One of life’s true miracles, the humble egg is perhaps one of the most versatile foods on the planet. It forms in 24 to 26 hours and hens can lay up to 250 eggs per year. The Amazing Egg is pure protein and there are many methods (sweet and savory) to prepare this natural egg. nutritional powerhouse.
Eggs can be added raw to smoothies, they can be fried, boiled, scrambled or poached and can be eaten for breakfast, lunch, tea and dinner.
They can be purchased almost anywhere, they last several weeks, they are relatively inexpensive, and they can do magical things for baked goods.
We all know how easily they can be gobbled up in a meal, but there’s also a lot more to the egg than meets the eye. Here’s everything you need to know about the mighty egg.
1. Eggs are ancient history
Humans have been eat eggs since the dawn of human time. The ancient Romans ate peacock eggs and the Chinese loved pigeon eggs. When most of us think of an egg, it is usually the type laid by a hen, but quail, duck, goose and turkey eggs are also among those eaten. Ostrich and emu eggs are probably the largest edible eggs weighing between 1 and 2 kg. Then there are also fish roe like Caviar and Hilsa – a delicacy packed with essential nutrients.
2. Eggs = a nutritional powerhouse
Eggs are considered one of the most nutritious food on the planet. They are a natural source of inexpensive, high-quality protein – more than half of the protein found in the white, which also includes vitamin B2 and lower amounts of fat than the yolk. The protein in eggs helps lower blood pressure, optimize bone health and increase muscle mass.
Eggs are also rich sources of selenium – an important antioxidant for thyroid function, our immune system and our mental health – as well as vitamin D, B6, B12, zinc and the iron. These are good sources of antioxidants and may also help reduce the risk of macular degeneration and ocular cataracts.
3. They had a bad reputation
For many years, eggs were considered unhealthy due to the high levels of cholesterol they contained. In fact, it was recommended to limit the amount of eggs consumed. But that fact stems from what are now believed to be incorrect conclusions drawn from early research indicating that dietary cholesterol contributed to high blood cholesterol. Many people think that cholesterol is harmful, but the truth is that it is essential for our body to function. So, despite what you may have heard, there is no recommended limit on the number eggs you can eat.
4. But they have always been symbolic
In many cultures around the world, the egg is a symbol of new life , fertility and rebirth. They signified new life far in the mists of human origin, long before Christianity. Indeed, an ancient Roman proverb said that all life comes from an egg.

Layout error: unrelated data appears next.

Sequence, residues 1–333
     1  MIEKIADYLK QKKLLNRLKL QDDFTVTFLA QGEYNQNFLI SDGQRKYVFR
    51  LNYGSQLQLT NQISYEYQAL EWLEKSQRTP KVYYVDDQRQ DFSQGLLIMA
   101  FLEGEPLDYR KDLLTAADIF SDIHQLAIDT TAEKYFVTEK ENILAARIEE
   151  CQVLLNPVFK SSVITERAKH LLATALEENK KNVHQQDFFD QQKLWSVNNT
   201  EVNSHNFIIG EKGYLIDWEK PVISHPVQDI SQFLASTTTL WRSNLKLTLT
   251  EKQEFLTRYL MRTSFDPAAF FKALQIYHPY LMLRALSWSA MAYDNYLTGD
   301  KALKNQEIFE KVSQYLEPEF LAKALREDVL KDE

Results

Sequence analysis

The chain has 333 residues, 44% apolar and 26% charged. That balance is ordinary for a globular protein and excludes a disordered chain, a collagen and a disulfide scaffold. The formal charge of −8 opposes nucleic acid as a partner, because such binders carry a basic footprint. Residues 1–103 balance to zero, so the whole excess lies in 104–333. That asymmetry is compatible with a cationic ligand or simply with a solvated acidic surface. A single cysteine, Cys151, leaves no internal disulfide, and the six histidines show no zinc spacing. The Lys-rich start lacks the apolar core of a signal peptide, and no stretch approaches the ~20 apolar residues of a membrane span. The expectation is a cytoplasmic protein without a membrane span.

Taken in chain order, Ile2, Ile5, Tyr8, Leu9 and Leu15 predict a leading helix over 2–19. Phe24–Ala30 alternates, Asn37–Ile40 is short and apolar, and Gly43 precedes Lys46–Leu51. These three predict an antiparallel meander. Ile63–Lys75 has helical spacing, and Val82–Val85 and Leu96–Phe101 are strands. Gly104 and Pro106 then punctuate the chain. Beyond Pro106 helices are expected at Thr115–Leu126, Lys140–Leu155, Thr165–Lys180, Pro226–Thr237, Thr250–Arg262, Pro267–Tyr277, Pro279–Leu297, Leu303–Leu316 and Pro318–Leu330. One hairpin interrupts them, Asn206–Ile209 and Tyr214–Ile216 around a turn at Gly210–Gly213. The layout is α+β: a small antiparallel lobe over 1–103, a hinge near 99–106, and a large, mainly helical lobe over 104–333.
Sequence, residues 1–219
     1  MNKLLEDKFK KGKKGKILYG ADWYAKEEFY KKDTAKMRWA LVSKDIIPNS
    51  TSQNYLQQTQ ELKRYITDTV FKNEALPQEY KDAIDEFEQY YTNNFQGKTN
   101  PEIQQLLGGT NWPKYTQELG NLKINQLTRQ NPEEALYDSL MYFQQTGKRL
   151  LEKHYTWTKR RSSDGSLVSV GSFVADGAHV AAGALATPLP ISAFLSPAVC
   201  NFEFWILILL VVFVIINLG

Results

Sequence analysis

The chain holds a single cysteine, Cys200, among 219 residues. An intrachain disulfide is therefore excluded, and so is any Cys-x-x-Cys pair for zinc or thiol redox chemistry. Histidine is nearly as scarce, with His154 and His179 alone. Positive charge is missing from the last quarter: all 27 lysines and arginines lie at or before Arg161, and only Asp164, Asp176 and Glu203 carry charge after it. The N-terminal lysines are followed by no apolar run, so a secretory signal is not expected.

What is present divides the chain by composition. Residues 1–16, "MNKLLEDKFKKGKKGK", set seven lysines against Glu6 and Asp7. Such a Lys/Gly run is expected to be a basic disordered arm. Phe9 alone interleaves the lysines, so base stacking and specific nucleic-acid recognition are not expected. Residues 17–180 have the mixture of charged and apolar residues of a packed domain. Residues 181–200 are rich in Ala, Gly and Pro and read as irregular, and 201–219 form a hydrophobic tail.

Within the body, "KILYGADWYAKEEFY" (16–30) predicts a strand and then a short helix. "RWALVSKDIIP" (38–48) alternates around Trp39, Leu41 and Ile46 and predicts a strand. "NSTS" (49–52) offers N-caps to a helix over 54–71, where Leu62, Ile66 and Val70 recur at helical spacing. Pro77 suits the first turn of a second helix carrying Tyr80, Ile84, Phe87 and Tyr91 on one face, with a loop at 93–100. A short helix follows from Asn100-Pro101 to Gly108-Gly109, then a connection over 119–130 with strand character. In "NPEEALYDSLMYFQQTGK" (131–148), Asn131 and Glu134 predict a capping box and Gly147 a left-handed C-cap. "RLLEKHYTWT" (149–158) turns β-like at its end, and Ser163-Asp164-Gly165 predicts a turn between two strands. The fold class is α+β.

5. No, eggs are not chicken periods
You may have heard the rumor that eating an egg is eating a hen’s rules. But since chickens are not mammals, they do not have a uterus and hence egg is actually classified as both egg and uterus. It is therefore not the same as human reproductive system. Eggs laid daily by hens and sold commercially have not been fertilized. If given the proper nutrients, hens will lay eggs with or without having been in the presence of a rooster. In fact, the only thing chickens need to lay eggs is light.
6. COVID has increased demand
Demand for eggs has always been strong during tougher times economic stretches, perhaps due to the fact that they are a relatively inexpensive source of protein and other nutrients and are also an extremely versatile ingredient. And with more time spent at home, the current pandemic has led to more families cooking from scratch, cooking and eating at home – so more eggs.
7. Battery cages are banned in the EU
Over 90% of eggs produced in the UK have the lion trademark. This means the hens and eggs are guaranteed British, with all hens being vaccinated against Salmonella and kept to higher welfare standards than required by law. Across the EU, conventional ‘battery cages’ have been banned. And in the UK they have been replaced by larger, “enriched” cages which can allow hens to express more of their natural behaviors, such as perching, dust bathing and nesting.
8. So Many Uses
Eggs aren’t just meant to be eaten. They have many more uses both in and around the house and garden – besides being great in homemade beauty products. Eggs can make great homemade glue, leather cleaner, and can even be used as plant food. The shell is also a surprisingly useful resource and a vital element and important part of this nutrient-dense wonder food. Some of the many uses for eggshells include feeding your compost pile, using as an abrasive drain cleaner, or as a pest control in the garden. And eggshell membrane can even be used as a makeshift bandage for any cuts or scrapes – just be sure to clean it thoroughly first.